PlayStation Will Soon Function as a Set-Top Box for Sony’s Own Cable Service
Sony is about to become its own cable operator.
Sony Network Entertainment International and Sony Computer Entertainment announced the PlayStation Vue today. This is a new product offering that can convert existing PS3 and PS4 consoles into a set-top box that will allow players to view 75 channels at launch. This new service will be completely cloud-based, and therefore does not require a connection via cable TV or OTA.
PlayStation as a Set-Top Box
This new service will differ from the recently released PlayStation TV, in that it in addition to on-demand programming, the PlayStation Vue will also stream live broadcasts from several major TV and cable networks. The PS3 and PS4 already have the ability to stream other Internet-only services such as Netflix and Hulu, so this new Vue service will be in addition to these.
The service will feature cloud-based recordings, as well as availability of the past three days’ worth of prime-time programming for on-demand viewing. Take that, Dish Network, and your Hopper service! Hopefully this will silence those annoying ads.
Impressive Line-Up of Channels
The lineup channels that are on-board so far are fairly impressive, including:
- CBS – Live signals from CBS affiliates in major markets, as well as on-demand programming for primetime.
- Discovery Networks – This includes Discovery Channel, TLC, Animal Planet, iD, Science, OWN, and several other brands under Discovery Networks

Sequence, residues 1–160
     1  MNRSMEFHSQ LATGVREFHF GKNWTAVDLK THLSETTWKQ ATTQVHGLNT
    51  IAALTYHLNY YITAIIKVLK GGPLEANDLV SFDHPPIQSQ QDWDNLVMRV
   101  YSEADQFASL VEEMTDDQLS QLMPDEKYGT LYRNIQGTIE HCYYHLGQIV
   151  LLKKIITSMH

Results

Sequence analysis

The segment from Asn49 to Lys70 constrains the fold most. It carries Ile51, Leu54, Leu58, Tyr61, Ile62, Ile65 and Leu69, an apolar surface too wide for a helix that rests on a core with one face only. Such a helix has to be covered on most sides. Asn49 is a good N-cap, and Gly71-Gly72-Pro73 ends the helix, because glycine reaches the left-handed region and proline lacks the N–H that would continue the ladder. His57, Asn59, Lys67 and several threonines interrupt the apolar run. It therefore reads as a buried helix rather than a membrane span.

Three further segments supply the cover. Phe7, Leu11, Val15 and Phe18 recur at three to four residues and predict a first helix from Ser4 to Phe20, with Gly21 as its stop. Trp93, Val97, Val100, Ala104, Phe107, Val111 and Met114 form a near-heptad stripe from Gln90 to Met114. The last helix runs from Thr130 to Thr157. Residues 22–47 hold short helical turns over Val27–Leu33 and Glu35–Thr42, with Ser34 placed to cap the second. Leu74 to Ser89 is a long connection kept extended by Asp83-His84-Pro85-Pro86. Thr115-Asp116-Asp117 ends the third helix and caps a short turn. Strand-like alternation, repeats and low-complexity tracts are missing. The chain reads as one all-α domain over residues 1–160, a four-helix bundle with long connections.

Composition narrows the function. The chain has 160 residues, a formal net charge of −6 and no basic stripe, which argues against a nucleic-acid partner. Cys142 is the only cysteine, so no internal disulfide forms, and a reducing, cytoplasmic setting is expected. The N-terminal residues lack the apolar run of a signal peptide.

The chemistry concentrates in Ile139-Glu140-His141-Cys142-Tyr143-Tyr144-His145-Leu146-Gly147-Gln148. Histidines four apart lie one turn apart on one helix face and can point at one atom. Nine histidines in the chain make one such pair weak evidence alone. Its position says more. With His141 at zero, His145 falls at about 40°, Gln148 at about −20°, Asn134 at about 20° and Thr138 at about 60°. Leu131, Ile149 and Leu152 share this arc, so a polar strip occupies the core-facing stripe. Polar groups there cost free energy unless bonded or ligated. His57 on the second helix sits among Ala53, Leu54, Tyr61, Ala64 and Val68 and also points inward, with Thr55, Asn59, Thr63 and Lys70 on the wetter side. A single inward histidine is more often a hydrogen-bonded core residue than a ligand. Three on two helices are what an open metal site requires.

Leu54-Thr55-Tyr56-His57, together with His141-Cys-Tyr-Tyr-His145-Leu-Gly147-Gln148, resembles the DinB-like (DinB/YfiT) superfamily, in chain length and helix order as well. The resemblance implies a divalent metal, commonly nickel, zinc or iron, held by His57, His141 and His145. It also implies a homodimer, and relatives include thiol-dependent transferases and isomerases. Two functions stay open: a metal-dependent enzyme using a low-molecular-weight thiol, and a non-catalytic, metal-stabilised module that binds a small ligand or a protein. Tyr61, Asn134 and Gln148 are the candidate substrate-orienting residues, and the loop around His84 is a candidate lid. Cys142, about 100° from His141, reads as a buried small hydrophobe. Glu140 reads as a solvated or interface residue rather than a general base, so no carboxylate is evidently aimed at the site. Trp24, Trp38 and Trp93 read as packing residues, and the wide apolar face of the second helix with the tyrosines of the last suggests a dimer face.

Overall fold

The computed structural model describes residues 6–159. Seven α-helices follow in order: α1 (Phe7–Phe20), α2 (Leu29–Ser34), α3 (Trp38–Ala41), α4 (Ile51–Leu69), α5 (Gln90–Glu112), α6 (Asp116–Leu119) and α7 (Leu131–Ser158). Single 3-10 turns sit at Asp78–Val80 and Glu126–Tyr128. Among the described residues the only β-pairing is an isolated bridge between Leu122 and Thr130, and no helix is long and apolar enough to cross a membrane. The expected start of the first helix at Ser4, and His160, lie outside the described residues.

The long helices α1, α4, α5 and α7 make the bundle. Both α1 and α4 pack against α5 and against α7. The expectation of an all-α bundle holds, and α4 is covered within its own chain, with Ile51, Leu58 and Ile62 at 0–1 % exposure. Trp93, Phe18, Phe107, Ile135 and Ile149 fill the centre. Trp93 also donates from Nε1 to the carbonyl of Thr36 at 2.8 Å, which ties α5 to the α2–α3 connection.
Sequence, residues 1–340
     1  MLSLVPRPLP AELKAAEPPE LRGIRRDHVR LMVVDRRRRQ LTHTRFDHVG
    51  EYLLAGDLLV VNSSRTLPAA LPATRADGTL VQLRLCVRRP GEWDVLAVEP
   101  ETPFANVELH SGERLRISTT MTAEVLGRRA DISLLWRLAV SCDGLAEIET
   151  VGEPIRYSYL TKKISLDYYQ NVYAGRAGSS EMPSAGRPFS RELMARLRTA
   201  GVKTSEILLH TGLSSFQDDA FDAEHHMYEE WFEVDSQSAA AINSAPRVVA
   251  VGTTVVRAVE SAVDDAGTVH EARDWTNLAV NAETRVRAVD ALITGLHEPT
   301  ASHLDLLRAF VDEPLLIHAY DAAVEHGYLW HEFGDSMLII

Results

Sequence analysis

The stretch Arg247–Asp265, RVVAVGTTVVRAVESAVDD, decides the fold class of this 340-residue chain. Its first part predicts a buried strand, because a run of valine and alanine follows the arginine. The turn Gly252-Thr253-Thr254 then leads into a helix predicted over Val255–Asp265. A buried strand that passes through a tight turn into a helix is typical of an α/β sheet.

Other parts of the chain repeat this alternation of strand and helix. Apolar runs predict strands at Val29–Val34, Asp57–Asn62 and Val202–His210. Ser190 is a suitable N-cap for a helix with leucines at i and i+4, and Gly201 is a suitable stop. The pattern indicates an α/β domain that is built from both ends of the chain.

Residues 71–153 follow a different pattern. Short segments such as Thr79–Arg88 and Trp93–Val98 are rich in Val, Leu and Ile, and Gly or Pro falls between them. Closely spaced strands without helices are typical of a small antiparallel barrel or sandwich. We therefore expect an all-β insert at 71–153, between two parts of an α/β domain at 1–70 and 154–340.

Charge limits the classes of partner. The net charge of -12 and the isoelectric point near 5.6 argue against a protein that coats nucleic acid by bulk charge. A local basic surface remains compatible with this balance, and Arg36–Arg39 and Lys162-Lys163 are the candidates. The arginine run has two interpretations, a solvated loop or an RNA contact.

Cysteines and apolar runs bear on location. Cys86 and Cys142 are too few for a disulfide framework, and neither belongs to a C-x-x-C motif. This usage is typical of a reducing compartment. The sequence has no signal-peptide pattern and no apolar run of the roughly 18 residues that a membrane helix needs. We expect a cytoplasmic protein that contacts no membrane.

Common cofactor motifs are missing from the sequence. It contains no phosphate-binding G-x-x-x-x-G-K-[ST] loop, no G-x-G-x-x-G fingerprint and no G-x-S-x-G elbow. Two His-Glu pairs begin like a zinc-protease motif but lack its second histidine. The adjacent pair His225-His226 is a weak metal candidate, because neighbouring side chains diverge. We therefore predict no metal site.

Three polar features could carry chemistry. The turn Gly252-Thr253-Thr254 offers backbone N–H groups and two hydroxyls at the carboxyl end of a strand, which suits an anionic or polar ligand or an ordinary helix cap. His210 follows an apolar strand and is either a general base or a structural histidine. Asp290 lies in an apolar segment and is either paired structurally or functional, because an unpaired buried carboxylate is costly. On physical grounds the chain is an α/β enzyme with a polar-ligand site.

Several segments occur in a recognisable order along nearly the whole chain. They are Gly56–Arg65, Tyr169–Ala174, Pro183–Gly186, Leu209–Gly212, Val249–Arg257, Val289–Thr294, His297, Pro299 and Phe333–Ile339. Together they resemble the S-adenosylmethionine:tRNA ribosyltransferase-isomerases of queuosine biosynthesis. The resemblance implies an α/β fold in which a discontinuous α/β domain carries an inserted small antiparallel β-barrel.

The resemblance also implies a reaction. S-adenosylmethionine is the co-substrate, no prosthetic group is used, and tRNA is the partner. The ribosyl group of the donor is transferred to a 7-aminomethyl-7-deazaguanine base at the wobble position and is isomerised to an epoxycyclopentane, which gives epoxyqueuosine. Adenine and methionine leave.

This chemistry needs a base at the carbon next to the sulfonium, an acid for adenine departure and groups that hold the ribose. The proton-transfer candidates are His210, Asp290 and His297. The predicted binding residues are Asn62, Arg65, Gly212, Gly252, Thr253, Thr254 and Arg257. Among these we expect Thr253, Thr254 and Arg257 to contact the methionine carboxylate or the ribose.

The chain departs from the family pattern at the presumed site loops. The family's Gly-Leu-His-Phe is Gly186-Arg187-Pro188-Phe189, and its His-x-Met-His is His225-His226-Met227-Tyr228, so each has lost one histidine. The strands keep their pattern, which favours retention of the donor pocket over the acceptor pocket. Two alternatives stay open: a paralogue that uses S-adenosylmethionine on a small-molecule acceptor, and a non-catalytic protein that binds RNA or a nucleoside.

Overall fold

- Fox – In addition to live signals from major Fox affiliates, other Fox brands including FX, FXX, FXM, National Geographic, FOX Sports’ National and Regional programming, FOX Sports 1 & 2, etc.
- NBC-Universal – Live NBC signals, as well as Telemundo, regional sports networks, Bravo, CNBC, E!, NBCSN, SyFy, Oxygen, USA, etc.
- Scripps Network Interactive – HGTV, Food Network, Cooking Channel, Travel Network, and DIY Network
- Viacom – BET, CMT, Comedy Central, MTV, Nickelodeon, Spike, VH1, etc.
It’s a good start, though Disney seems to be missing (for ABC and ESPN) as well as other major cable networks such as HBO and Showtime.
Availability and Pricing
As far as availability and pricing go, the rollout will start first in New York, and then expand out to Chicago, Philadelphia, and Los Angeles later. Initially, this will be only on PS3 and PS4, though there are plans to extend this over to iPad before going on to other Sony and non-Sony devices.
Sony hasn’t given a pricing plan for this yet, but industry experts believe that it will probably be somewhere around $60, which would beat cable TV prices, but still be much more expensive than Netflix. Similar to Netflix, however, there are no contracts, and users can pay month-to-month. Sony does mention that “What you see is what you pay”, which is a bit cryptic, and makes me think that you may be able to choose your programming a-la-carte. (keeping my fingers crossed on this one)
It seems that the battle for the living room is now heating up even more, with Sony’s introduction of what is essentially, it’s own IPTV cable service. As more people decide to “cut the cable”, this may give cable providers more of a run for their money. I know that for myself personally, I am sick of paying for 300+ channels of which I only watch a handful. Hopefully, this will also give companies such as Aereo more legitimacy, so that they can offer live broadcast TV for local markets.